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Patch Tuesday: Not dead yet

Gregg Keizer | July 27, 2015
Patch Tuesday is not dead.

patch windows
Credit: Michael Hiemstra (modified)

Patch Tuesday is not dead.

That's what experts have now concluded, even though Microsoft will not say straight out if it plans on upending the 12-year practice of providing security patches on the same day each month to everyone.

With Windows 10's launch only two days away -- the new operating system will debut July 29 on previewers' PCs -- the question of whether Patch Tuesday lives and breathes, or will die a sure death, maybe quickly, maybe slowly, still remains officially unanswered.

But security professionals and industry analysts have come to the conclusion that Patch Tuesday will continue, possibly in the same form it has since 2003.

"Patch Tuesday is not going away any time soon," said Chris Goettl, product manager for patch management vendor Shavlik. "It's been blown out of proportion."

"Patch Tuesday" is the label that's been stuck to the second Tuesday of each month, the day Microsoft has issued its security updates since 2003. (Microsoft prefers the more upbeat "Update Tuesday.") The practice was begun to make patching more predictable, especially for businesses -- the Redmond, Wash. company's biggest and best customers -- who generate the bulk of the firm's revenue.

Two months ago, Patch Tuesday's survivability seemed in doubt after Windows Chief Terry Myerson said, "We're not going to be delivering all of the updates to all of these consumers on one day of the month," when talking about changes to Windows Update under Windows 10.

Observers used that comment to conclude that Microsoft was killing Patch Tuesday and would instead roll out security fixes as soon as they were ready, returning to its pre-2003 practice. Two weeks ago, when Microsoft shipped its July batch, some marked it as the last-ever Patch Tuesday.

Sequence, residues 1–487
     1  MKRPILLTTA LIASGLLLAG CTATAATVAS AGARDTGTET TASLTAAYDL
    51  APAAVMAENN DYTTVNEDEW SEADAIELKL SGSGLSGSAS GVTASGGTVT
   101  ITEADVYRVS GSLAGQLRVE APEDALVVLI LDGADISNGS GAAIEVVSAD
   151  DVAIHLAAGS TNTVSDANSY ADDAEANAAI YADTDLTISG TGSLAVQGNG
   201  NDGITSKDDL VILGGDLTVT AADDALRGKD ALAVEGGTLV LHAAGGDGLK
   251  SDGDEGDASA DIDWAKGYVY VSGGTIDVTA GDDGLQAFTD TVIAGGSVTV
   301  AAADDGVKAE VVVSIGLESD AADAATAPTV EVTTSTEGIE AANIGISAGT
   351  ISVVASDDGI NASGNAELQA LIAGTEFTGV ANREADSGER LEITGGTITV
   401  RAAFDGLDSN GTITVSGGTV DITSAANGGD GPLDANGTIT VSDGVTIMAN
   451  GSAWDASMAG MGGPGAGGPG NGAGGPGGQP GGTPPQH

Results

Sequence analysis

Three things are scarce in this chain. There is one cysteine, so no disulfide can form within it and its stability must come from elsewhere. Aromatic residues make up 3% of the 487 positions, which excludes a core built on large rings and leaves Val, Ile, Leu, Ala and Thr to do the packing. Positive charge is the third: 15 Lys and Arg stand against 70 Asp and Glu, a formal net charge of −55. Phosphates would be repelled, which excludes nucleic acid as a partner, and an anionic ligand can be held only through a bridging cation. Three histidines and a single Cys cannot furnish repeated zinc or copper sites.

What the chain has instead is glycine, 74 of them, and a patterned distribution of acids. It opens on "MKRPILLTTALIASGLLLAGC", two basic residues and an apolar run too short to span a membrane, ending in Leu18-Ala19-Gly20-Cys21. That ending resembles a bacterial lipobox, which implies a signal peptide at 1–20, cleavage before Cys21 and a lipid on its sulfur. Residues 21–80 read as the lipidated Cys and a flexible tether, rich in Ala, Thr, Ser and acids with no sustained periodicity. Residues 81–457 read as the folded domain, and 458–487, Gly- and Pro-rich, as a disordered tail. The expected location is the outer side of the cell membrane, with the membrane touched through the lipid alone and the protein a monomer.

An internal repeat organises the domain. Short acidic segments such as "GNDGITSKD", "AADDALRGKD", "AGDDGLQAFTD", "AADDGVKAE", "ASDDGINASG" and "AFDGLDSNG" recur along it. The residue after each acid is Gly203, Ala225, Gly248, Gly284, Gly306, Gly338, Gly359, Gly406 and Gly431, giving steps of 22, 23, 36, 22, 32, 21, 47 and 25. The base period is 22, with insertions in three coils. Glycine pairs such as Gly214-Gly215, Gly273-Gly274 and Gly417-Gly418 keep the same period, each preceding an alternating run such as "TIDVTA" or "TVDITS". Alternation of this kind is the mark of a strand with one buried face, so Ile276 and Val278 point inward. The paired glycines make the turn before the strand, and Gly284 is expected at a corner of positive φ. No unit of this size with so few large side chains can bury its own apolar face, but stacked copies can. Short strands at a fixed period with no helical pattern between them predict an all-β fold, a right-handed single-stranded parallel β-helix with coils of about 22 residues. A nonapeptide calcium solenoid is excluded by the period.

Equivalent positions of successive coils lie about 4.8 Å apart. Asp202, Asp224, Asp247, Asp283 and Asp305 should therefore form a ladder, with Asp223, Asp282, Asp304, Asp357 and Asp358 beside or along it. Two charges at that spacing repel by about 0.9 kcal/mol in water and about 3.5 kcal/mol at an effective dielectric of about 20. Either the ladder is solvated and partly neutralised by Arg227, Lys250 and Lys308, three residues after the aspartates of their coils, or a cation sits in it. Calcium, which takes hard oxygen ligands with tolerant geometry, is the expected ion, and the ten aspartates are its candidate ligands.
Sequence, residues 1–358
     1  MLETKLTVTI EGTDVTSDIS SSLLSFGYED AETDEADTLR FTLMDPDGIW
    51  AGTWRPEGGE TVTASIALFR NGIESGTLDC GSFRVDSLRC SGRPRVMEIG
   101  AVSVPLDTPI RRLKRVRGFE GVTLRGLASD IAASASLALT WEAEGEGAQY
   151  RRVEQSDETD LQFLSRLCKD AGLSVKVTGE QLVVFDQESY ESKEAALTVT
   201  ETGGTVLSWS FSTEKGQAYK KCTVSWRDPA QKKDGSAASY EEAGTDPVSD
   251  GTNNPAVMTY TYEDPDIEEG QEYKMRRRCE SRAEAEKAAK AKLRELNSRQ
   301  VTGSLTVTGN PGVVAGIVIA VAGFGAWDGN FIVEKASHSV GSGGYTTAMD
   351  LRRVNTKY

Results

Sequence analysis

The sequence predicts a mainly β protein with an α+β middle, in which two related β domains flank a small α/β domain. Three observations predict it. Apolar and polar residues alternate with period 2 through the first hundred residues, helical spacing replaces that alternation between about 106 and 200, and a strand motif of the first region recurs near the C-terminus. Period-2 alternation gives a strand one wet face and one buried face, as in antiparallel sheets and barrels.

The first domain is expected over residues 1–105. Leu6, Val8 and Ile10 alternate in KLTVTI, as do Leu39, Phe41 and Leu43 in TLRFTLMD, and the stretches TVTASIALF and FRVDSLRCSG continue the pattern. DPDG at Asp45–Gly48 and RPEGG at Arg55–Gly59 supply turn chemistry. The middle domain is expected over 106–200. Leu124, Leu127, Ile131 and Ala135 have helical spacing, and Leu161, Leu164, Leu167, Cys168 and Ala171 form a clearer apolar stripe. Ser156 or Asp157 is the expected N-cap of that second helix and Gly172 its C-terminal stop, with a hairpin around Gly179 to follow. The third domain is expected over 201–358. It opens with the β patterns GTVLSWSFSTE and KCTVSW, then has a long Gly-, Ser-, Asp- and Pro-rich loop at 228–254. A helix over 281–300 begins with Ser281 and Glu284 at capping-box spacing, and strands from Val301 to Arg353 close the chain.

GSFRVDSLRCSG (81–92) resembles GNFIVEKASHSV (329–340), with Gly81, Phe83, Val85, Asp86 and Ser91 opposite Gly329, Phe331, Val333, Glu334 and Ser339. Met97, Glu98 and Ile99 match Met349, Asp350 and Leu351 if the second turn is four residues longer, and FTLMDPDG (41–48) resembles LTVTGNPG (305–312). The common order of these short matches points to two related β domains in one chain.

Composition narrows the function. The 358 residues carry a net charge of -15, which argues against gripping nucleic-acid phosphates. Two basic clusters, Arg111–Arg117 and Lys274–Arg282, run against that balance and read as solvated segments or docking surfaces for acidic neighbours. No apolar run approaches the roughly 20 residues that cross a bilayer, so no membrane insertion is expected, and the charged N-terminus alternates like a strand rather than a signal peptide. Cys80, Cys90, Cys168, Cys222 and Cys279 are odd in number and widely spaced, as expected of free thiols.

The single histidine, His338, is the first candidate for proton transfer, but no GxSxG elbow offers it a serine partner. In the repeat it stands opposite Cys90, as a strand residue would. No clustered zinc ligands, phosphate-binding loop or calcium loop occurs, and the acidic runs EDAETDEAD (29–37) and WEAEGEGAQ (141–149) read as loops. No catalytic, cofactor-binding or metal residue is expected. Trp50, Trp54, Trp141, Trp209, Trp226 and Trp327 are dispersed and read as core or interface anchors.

Hold the phone, security experts said. While they agreed that Patch Tuesday would be moot for consumers on Windows 10, even in May they were certain it would remain a factor for businesses, although fixes would be available as they exited Microsoft's testing.

Microsoft hasn't been any help. This week, it again declined to answer questions about when and how security updates would be distributed to Windows 10 devices.

When asked whether security updates would be offered to all Windows 10 users on the second Tuesday of each month, or issued to all users as the fixes are completed and approved by Microsoft, a spokesman would not address the question. Instead, he said, "With Windows 10, we will deliver ongoing innovations and security updates. Frequency and delivery of updates may vary based upon the update."

That varied delivery he mentioned would not be any different than the company's current policy, which at times steps outside the Patch Tuesday schedule to ship rush fixes, or so-called "out-of-bound" updates. It did that just this week when it released an emergency update to all Windows editions.

 

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